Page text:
KnowledgeBase » Top Rated Questions

Is it safe for food to be in contact with galvanized steel?

For most foods, contact with galvanized steel is perfectly safe. Only acidic foods should not come in contact with galvanized steel according the the U.S. Food & Drug Administration. The acid in some foods reacts with the zinc coating to form salts that are readily absorbed by the body and in excess could cause a very mild sickness. So, where is galvanized steel used ...
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What does the cold galvanizing process consist of?

The term “cold galvanizing” is more of a marketing term than an actual process. Cold galvanizing is simply painting a piece of steel with zinc-rich paint. There are not tanks or preparation necessary other than the equipment you would need to paint any other material (blasting tools, spray guns or rollers, etc.). Because the coating is simply zinc-rich paint, it will ...
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Hot-Dip Galvanized Steel in Contact with Treated Wood

Pressure treated wood is often used for construction areas that will be exposed to the weather or in high moisture areas. The chemicals used to treat this wood have been revised in 2003 to remove some of the potential harmful elements in the pressure treatment. The change in chemical formulations has had a secondary effect on the corrosivity of the pressure tr...
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Measuring Zinc Coating Thickness of Hot-dip Galvanized Steel

Coating thickness is tested by using a magnetic thickness gauge. There are three types of magnetic thickness gauges: pencil-style, banana-style, and electronic. Electronic thickness gauges are the most common and the most accurate. Information on how to measure the thickness with magnetic gauges is contained in ASTM E376, and the minimum coatin...
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Required vent & drain holes for hollow structural sections & handrail tubing

In order to ensure that all interior and exterior surfaces are protected from corrosion, entire steel fabrications are lowered into and raised out of cleaning solutions, flux solutions, and molten zinc metal. In order to facilitate interior and exterior cleaning and coating, it is necessary to provide holes in fabrications to be galvanized. The primary reason for...
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Bare Spots

Bare spots, uncoated areas on the steel surface, can occur because of inadequate surface preparation. Bare spots may be caused by welding slag, sand embedded in castings, excess aluminum in the galvanizing kettle, or lifting devices that prevent coating formation in a small area. To avoid bare spots, (left) the galvanizer must ensure surfaces are cle...
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Coating Characteristics of Zinc-Rich Paint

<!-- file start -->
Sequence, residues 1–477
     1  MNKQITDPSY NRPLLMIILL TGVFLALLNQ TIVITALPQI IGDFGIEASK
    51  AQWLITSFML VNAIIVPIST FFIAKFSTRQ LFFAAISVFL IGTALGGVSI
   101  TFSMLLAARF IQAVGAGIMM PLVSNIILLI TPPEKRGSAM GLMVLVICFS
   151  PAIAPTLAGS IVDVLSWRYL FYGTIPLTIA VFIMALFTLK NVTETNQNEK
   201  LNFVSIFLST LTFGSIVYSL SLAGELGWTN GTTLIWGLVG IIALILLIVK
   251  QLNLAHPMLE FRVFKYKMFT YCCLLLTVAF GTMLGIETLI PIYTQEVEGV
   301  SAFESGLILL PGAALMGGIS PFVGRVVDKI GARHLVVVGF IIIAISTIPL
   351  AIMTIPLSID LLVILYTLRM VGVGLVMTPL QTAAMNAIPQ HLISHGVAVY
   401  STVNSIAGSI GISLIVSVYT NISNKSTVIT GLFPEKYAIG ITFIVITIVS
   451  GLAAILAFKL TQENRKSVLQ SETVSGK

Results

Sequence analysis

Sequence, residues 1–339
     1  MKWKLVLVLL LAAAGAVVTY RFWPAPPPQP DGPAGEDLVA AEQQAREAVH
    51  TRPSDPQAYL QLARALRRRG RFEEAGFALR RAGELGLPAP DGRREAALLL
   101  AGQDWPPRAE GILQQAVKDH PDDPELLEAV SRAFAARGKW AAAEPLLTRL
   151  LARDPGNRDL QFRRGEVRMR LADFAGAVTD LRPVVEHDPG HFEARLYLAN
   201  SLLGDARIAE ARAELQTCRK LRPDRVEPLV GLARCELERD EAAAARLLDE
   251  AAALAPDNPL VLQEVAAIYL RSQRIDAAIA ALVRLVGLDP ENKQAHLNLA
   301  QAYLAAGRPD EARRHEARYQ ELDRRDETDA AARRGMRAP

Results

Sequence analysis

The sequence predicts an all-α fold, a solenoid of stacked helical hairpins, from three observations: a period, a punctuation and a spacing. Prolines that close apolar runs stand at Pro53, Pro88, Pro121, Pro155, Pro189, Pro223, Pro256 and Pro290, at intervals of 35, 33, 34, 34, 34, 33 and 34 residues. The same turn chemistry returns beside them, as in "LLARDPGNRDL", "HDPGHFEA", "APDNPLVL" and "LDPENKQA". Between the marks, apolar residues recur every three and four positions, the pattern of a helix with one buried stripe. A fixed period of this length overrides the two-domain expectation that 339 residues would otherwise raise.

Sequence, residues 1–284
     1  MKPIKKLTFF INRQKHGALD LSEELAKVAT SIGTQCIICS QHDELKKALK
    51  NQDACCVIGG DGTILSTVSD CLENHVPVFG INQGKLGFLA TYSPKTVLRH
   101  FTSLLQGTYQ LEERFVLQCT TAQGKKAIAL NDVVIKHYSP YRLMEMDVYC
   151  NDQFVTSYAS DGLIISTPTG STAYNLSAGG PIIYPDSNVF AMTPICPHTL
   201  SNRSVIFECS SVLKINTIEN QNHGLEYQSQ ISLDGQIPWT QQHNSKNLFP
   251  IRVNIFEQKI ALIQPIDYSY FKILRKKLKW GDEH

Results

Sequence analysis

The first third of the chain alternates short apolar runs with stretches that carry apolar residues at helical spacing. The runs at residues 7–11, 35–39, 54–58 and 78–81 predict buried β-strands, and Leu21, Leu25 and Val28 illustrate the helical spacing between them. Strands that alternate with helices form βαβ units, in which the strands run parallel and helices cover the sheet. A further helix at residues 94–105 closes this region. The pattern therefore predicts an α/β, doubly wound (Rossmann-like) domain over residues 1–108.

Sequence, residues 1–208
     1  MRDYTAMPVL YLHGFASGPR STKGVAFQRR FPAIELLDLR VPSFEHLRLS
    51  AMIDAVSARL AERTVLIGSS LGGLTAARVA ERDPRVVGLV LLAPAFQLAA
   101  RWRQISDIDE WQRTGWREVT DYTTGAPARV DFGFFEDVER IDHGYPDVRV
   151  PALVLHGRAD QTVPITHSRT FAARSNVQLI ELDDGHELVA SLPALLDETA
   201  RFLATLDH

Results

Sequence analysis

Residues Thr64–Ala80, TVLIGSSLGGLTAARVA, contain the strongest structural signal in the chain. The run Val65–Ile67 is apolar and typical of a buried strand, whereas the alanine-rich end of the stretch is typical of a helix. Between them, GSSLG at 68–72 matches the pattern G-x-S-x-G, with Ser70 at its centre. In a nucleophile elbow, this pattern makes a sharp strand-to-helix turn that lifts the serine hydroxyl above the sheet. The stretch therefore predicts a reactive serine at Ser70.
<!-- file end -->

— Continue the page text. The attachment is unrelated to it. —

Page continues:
Organic or inorganic zinc-rich paints are applied to a dry film thickness of 2.5 to 3.5 mils (64 to 90 µm). Organic zinc paints consist of epoxies, chlorinated hydrocarbons, and other polymers. Inorganic zinc paints are based largely on organic alkyl silicates. The zinc dust must be at a concentration high enough to provide for electrical conductivity in the dry film ...
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Clogged Holes

Clogged holes are a defect caused by molten zinc metal not draining adequately and partially or completely filling holes with excess zinc. Molten zinc will not drain easily from holes less than 3/10” (8mm) in diameter due to the viscosity of zinc metal. A good example is the screen shown to the right. Clogged holes can be minimized by making all holes as ...
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Preparing the hot-dip galvanized steel surface for painting or powder coating

Similar to painting over black steel, surface preparation is critical when painting or powder coating over the zinc coating of hot-dip galvanized steel. However, before any surface preparation takes place, the galvanizer should be notified the steel will be painted. With this understanding, the galvanizer will forego any post-treatments that could af...
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How does galvanized steel perform in seawater splash zones?

Splash zones are the most aggressive environment for hot-dip galvanized steel (or any other protective coating) because as the zinc coating reacts with the chlorides when wetted, zinc corrosion products are formed. Then those corrosion products dry and are later washed away when the steel is wetted again at which time more zinc corrosion products form. That process repeats its...
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